It’s not as if there were no interesting cars on show. McLaren showed what their future F1, the P1 will look like, Renault unveiled their new Clio RS, Lexus showed off a rather cool concept, supposed to show what the future IS will look like, and VW unveiled the new Mk7 Golf GTI.
The usual suspects did what they did best, Peugeot once again showed the world they can make a supercar, but failing when they put a diesel engine in it, Toyota continued with their green weight-saving tech with the FT-Bh, Ferrari unveiled what the future Enzo chassis will look like, BMW continued their expansion on the wrong side, with a rival to the Mercedes B-class, and finally, Venturi took a step deeper in digging their own grave.
It’s all the same, and for a show that brings in so much media attention, I can’t help but feeling indifferent.
Don’t get me wrong, I love the Paris Motor show. I used to go there each time from 1998 to 2006. After 2006, I sort of gave up. Not because of the crowds and expensive tickets, but more because it did not make me feel excited anymore.
The last show I went to, in 2006, was all about hybrids and green tech. Guess what, as much as I love hydrogen technology, it certainly does not excite me the way a Lamborghini Murcielago does (or even the wacky Renault concepts of the past). It’s not because there are less cars coming out – if anything there are now much more per year-, it is mostly due to the fact that there are no more ground-brakingly exciting cars anymore. It’s all evolutions of existing cars, or new niches that are being explored. And when something new does come around, it tends to simply be a new exterior, with a slightly more fuel-efficient engine. I mean look at the Peugeot Onyx for example. The exterior is all new and frankly looks pretty good, but underneath? Well, it’s just a retired Peugeot 908 Le Mans car (no, it’s not cool. It would be cool if they produced it. Better yet, they should make the Citroen GT!).
Another reason why the Paris Motor show is less exciting? Simple, technology.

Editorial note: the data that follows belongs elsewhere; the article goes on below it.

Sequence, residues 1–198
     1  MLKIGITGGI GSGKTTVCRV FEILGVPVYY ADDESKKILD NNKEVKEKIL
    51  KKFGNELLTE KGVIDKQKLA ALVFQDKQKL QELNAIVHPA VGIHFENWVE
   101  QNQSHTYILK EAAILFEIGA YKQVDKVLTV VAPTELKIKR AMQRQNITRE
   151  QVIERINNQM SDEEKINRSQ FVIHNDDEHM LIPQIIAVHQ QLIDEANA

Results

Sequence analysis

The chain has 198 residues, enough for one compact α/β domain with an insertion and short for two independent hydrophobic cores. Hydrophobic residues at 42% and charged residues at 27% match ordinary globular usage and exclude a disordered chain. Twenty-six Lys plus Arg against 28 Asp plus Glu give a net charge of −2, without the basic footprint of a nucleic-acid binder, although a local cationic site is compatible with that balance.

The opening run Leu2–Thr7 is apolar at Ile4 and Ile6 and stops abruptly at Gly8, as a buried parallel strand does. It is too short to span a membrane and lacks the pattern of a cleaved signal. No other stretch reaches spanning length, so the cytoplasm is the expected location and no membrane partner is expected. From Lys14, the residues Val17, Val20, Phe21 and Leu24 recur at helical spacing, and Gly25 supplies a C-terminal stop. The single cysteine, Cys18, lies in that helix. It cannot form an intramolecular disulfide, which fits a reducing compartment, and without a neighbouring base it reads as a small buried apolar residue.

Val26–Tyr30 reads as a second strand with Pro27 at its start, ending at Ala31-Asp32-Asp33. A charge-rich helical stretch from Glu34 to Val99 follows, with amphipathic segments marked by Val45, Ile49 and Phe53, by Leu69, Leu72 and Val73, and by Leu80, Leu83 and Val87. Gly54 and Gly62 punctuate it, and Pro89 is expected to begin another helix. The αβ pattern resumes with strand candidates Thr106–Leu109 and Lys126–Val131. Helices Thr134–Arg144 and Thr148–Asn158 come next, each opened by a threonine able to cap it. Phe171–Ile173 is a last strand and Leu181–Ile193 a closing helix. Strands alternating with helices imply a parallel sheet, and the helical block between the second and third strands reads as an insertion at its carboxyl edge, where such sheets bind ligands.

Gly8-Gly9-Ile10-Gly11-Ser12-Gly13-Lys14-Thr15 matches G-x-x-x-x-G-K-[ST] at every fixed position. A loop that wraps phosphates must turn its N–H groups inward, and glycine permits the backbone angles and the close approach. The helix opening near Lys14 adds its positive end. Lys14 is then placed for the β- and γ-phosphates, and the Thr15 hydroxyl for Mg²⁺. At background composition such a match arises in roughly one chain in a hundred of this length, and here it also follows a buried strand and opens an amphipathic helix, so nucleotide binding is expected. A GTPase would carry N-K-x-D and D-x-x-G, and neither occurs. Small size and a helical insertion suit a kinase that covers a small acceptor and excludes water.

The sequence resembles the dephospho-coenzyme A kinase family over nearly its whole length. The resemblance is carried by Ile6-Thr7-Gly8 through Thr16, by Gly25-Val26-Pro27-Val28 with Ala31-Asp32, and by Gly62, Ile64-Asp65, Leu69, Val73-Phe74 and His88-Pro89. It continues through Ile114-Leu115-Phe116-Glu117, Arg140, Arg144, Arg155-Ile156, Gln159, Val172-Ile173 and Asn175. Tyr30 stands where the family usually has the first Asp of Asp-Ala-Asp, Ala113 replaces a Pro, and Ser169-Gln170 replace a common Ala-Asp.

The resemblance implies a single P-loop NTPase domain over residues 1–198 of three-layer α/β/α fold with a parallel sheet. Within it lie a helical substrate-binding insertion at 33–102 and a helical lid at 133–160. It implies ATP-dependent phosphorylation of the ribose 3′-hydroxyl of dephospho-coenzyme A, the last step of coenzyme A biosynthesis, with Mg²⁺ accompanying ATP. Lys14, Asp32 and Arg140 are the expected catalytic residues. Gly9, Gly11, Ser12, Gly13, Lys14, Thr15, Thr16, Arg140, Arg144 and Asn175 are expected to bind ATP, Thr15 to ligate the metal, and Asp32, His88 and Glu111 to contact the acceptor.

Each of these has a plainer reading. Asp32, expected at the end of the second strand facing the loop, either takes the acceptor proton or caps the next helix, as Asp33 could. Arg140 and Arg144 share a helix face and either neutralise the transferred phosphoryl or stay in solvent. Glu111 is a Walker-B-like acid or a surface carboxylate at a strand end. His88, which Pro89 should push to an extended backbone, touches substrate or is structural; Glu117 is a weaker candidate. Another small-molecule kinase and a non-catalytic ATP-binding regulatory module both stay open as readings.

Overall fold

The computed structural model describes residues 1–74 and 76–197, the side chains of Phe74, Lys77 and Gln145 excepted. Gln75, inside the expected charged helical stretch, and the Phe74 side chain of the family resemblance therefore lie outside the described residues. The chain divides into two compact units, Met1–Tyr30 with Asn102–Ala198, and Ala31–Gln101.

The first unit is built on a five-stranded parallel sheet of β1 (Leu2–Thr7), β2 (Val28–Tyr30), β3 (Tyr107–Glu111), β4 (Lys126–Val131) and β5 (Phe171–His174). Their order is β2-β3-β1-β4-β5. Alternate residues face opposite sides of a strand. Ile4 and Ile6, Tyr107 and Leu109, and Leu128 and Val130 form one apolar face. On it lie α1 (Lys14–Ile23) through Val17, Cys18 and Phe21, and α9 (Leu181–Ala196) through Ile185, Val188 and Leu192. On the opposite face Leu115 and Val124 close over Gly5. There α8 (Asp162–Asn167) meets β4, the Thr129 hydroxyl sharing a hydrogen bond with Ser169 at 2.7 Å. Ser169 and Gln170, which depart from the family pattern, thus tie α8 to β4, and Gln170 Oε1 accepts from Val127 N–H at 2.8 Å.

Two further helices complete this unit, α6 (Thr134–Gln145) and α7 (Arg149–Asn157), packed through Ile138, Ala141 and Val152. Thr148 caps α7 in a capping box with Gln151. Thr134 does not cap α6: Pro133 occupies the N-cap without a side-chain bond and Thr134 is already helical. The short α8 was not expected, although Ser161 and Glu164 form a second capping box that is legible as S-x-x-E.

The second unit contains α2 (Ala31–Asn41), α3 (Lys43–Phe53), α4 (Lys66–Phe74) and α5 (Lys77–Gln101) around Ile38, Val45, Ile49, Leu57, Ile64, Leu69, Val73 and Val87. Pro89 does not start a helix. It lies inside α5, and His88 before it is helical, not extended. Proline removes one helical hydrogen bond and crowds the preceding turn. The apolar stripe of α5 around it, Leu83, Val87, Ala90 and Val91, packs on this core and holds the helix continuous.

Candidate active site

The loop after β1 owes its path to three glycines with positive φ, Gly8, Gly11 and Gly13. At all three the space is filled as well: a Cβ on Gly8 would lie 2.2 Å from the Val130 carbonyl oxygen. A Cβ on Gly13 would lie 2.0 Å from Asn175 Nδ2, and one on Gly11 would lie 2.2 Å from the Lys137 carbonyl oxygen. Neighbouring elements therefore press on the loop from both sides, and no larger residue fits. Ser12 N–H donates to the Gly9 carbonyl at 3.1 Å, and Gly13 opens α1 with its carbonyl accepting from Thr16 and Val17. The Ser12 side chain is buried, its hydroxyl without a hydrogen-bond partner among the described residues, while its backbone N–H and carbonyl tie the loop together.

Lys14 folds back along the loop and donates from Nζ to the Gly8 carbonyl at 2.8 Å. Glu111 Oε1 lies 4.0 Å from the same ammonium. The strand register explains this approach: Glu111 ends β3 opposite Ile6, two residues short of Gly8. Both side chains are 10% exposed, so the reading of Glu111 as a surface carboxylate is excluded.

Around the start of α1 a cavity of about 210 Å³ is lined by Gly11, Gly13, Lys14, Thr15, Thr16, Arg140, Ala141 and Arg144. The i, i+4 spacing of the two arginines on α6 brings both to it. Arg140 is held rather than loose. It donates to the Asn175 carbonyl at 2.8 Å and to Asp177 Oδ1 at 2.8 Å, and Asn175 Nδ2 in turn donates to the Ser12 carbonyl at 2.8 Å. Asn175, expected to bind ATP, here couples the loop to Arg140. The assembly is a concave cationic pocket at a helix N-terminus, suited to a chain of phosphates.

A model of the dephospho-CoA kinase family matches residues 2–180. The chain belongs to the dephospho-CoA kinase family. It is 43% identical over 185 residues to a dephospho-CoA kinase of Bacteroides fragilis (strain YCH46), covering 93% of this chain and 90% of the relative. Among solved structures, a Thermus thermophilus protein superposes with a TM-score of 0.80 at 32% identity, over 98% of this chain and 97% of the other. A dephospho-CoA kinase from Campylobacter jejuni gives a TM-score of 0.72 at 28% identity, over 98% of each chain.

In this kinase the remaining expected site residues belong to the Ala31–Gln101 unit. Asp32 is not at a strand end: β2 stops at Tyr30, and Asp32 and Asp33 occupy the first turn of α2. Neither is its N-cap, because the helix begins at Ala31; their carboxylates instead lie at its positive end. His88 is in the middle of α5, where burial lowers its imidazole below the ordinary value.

No, I do not mean green technology or even car technology, but Information Tech. Why? Well put it this way, back in 1998, the internet was still something new for the everyday household. I could not really go online to see pictures of the latest Bentley, as looking up the pictures and printing them would cost my parents valuable 56K internet time. So the average car enthusiast looked at car magazines when they came out, and car manufacturers had an easier time keeping their latest concept under wraps.
Today, however, everyone has at least 2 computers and endless access to online resources. Someone who knows someone may have a picture of the latest concept and might Tweet it or post it on their blog. As a result, Car manufacturers don’t even bother keeping their latest concept under wraps, and just show it off as soon as it is ready. The Paris Motor show is often where a new car makes its first public appearance, not the first time it is revealed; the internet is there for that. Look at the Mk7 Golf, it was revealed a week before Paris, so once it was at the show, it was old news, nothing exciting.
Or take the Jaguar F-type for example. Supposedly unveiled at Paris, but because of all the spyshots, we all knew what it was going to look like. The only surprise we get is the confirmation of what we all already knew. The reason the magic of the show is gone, is because the element of surprise is gone.
Sure, I can regain that element by living under the sand for
the next two years, but then, I won’t know what colour the Porsche 918 will be available in when it comes out. That is the problem with technology, we have access to everything, so we are surprised by nothing.
That said, if I had the chance, I think I would go to the Paris Motor Show this year, as two of the most exciting cars I desperately want right now are there: The Toyota GT86 and the Mk7 Golf GTI. Oh how I dread the day I have to choose between the two!